Spending on U.S. construction projects rose in April despite weakness in residential projects and government spending.
Spending on U.S. construction projects fell in March as the biggest drop in government projects in more than a decade overwhelmed strength in home building.
U.S. sales of new homes rose in March to a seasonally adjusted annual rate of 417,000. The increase added to evidence of a sustained housing recovery at the start of the spring buying season.
U.S. new-home sales jumped in January from the previous month to the highest level since July 2008, a sign that the housing recovery is accelerating.
U.S. homebuilders began work at a slower pace in January, though the level was still the third-highest since 2008. The pace of building was viewed as a sign of further strengthening in residential real estate.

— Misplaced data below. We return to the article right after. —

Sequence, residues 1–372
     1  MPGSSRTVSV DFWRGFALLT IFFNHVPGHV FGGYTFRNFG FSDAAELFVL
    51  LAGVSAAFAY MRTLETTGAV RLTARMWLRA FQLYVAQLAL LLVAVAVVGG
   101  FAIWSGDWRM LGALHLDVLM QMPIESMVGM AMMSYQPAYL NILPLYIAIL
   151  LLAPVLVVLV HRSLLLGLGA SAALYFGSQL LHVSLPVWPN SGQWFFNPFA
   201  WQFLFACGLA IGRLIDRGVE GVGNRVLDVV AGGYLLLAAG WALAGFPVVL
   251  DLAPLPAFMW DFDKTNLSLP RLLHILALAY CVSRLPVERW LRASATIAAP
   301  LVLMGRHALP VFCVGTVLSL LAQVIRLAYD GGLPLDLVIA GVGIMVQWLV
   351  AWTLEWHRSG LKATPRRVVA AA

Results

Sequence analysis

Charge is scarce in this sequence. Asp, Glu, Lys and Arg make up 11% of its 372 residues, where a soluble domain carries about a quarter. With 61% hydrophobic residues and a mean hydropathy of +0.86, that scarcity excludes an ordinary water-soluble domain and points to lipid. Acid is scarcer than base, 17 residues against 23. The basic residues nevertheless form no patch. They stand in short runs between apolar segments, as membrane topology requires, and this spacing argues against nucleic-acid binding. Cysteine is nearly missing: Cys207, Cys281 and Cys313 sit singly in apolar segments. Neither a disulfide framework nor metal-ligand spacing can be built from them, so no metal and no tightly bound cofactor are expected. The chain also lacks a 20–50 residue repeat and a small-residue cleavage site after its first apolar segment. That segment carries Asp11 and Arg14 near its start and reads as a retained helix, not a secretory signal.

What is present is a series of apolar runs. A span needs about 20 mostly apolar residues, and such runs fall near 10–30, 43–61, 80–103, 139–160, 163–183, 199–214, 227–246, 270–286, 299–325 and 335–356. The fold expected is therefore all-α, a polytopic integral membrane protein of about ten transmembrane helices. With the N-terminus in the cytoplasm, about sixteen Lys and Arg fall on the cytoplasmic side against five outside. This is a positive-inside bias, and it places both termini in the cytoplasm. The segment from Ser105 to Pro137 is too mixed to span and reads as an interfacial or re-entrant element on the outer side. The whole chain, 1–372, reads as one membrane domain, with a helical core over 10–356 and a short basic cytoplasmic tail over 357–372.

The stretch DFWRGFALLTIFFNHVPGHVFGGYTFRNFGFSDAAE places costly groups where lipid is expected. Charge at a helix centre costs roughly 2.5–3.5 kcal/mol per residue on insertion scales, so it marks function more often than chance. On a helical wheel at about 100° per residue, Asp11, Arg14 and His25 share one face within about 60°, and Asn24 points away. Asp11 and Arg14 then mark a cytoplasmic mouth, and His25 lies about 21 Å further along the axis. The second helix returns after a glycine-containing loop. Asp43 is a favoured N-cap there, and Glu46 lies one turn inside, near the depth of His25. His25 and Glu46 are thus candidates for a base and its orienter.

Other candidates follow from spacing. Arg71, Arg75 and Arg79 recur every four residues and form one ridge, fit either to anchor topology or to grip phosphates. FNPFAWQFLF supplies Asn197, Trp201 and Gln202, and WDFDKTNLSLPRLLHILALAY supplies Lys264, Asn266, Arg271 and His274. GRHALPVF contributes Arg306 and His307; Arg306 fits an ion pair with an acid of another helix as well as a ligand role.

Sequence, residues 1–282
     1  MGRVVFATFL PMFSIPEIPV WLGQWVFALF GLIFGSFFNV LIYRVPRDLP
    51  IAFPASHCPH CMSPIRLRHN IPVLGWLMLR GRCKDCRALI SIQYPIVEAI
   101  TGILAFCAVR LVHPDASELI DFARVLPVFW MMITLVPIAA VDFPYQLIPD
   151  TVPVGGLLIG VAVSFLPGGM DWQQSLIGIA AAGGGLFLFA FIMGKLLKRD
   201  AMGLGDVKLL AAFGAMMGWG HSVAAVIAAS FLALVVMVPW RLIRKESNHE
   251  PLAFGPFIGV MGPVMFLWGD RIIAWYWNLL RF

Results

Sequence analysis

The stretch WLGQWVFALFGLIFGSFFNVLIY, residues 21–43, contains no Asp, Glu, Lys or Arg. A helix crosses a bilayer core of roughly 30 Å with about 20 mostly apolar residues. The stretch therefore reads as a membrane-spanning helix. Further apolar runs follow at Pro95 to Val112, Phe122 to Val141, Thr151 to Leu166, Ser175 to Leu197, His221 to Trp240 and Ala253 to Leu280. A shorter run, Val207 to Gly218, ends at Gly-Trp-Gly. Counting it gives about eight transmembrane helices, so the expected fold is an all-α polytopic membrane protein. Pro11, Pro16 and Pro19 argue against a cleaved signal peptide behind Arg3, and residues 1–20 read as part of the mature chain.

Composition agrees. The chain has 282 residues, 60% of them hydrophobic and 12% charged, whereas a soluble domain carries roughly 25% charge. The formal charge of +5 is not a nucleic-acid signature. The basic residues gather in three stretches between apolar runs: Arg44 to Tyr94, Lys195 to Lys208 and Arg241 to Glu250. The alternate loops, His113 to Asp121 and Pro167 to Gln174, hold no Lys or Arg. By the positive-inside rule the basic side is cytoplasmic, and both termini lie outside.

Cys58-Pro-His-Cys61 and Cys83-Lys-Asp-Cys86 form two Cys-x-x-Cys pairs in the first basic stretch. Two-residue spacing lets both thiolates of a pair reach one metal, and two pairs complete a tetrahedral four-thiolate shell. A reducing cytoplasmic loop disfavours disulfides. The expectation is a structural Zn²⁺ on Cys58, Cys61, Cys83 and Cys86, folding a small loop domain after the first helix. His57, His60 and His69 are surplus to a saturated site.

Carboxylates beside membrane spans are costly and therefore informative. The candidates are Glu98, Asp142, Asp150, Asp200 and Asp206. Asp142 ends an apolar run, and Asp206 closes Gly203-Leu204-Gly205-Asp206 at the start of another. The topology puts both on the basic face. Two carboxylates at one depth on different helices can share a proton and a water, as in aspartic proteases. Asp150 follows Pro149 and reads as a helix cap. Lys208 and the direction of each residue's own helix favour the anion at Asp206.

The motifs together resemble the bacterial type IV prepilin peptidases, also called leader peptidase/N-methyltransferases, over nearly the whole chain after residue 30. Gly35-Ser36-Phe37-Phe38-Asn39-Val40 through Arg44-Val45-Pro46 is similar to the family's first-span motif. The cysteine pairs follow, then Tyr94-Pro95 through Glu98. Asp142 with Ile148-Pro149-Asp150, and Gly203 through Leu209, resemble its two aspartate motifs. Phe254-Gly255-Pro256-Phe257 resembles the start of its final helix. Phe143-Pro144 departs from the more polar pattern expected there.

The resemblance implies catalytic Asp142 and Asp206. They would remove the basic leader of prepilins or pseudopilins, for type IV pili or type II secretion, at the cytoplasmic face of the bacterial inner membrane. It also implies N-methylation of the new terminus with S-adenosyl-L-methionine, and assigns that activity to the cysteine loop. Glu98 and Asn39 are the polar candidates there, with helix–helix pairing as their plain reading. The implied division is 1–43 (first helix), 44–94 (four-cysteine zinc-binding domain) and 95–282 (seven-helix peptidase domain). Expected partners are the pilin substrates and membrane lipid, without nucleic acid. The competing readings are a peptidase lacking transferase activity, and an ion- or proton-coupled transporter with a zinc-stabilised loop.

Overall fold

Sales of new U.S. homes cooled off in December compared with November, but sales for the entire year were the best since 2009.
U.S. builders started work on homes in December at the fastest pace in 4-½ years and finished 2012 as their best year for residential construction since the early stages of the housing crisis.
U.S. builders broke ground on fewer houses in November after starting work in October at the fastest pace in four years. Superstorm Sandy likely slowed starts in the Northeast.
The quasi-private board charged with creating jobs in Wisconsin is meeting to discuss a highly critical audit of its first year in operation.
U.S. sales of new homes fell slightly in October and the September sales pace was slower than initially thought.